02-21-2007, 01:49 AM   #11
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I have a 24" widescreen at 1900x1200 at work, everything is just fine at default for Windows.

Ok say I've got an image, jpg, out of my camera in PS. PS tells me its 72dpi. The magazine says it must be 300dpi, how do I change that dpi value?
02-21-2007, 02:26 AM   #12
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QuoteOriginally posted by Arpe Quote
Ok say I've got an image, jpg, out of my camera in PS. PS tells me its 72dpi. The magazine says it must be 300dpi, how do I change that dpi value?
The simple answer is that you don't have to. The value associated with the file is only a default, which can be overridden by your client.

If you want to apply a belt and braces approach (which might be wise) then use "resize" in your image editor:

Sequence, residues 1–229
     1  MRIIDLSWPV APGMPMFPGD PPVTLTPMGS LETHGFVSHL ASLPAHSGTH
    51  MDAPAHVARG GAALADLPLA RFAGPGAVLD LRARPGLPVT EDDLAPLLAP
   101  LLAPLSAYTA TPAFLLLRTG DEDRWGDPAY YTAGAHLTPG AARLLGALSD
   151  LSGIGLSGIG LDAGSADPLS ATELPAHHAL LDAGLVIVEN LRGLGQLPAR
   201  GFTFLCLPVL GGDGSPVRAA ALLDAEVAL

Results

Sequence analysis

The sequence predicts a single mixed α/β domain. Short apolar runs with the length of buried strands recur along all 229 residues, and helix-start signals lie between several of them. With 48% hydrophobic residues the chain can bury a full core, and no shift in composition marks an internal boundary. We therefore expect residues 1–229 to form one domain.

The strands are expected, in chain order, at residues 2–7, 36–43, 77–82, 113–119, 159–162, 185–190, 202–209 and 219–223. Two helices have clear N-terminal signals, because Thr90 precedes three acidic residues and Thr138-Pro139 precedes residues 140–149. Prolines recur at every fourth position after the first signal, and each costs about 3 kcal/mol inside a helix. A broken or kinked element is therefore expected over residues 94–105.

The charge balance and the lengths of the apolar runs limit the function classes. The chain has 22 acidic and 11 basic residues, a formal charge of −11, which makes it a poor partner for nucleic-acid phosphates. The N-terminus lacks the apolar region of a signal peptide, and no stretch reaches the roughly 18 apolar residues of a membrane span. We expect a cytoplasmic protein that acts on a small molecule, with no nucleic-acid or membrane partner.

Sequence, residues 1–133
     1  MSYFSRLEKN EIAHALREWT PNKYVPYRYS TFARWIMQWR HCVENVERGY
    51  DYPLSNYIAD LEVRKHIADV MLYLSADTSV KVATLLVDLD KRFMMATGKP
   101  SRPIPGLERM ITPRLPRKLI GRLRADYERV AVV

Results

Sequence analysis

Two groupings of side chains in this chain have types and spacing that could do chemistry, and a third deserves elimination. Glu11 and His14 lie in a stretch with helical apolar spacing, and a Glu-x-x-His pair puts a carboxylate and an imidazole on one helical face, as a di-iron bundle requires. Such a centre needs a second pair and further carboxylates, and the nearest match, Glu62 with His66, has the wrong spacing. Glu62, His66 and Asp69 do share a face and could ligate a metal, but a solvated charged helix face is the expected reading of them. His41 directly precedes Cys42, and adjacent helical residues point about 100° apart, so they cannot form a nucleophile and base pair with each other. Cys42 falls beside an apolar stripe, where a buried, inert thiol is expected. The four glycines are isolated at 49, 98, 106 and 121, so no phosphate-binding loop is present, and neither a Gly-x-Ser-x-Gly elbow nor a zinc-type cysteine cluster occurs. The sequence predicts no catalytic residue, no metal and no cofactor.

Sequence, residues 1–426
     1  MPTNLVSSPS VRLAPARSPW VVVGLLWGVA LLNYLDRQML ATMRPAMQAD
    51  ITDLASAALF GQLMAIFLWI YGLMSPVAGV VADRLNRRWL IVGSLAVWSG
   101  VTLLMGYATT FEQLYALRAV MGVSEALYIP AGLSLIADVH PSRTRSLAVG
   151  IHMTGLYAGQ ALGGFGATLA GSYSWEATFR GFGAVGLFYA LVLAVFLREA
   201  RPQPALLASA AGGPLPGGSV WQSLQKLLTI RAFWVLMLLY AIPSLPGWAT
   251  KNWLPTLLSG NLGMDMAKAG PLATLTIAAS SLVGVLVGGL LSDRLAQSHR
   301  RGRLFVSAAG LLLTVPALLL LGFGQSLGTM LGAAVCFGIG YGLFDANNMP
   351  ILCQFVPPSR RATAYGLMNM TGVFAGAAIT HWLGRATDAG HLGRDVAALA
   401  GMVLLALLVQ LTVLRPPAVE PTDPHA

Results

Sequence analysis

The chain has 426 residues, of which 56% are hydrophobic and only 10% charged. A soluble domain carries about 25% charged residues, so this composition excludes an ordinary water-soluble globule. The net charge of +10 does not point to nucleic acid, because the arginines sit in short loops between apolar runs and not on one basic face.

Paint Shop Pro: Image/Resize. Uncheck "Resample using". Set "Resolution" to "300 Pixels / Inch"

Photoshop: Image/Resize/Image Size. Uncheck "Resample image". Set "Resolution" to "300 Pixels / Inch"

Gimp: Image/Print Size. Set Resolutions to 300 and 300, Pixels/Inch. OR Image/Scale Image. Set "Interpolation" to "None". Set Resolutions to 300 and 300, Pixels/Inch

Others: try "Help"

What I find most frustrating is when a client asks for "300dpi" images without specifying the size. It's like ordering carpet from a 5m roll without saying the length needed. Alternatively it's a bit like the driver, stopped by the police for doing 50 miles per hour in a 30 limit. He said "Sorry officer, that's not possible, because I've only been going for 15 minutes."

Simon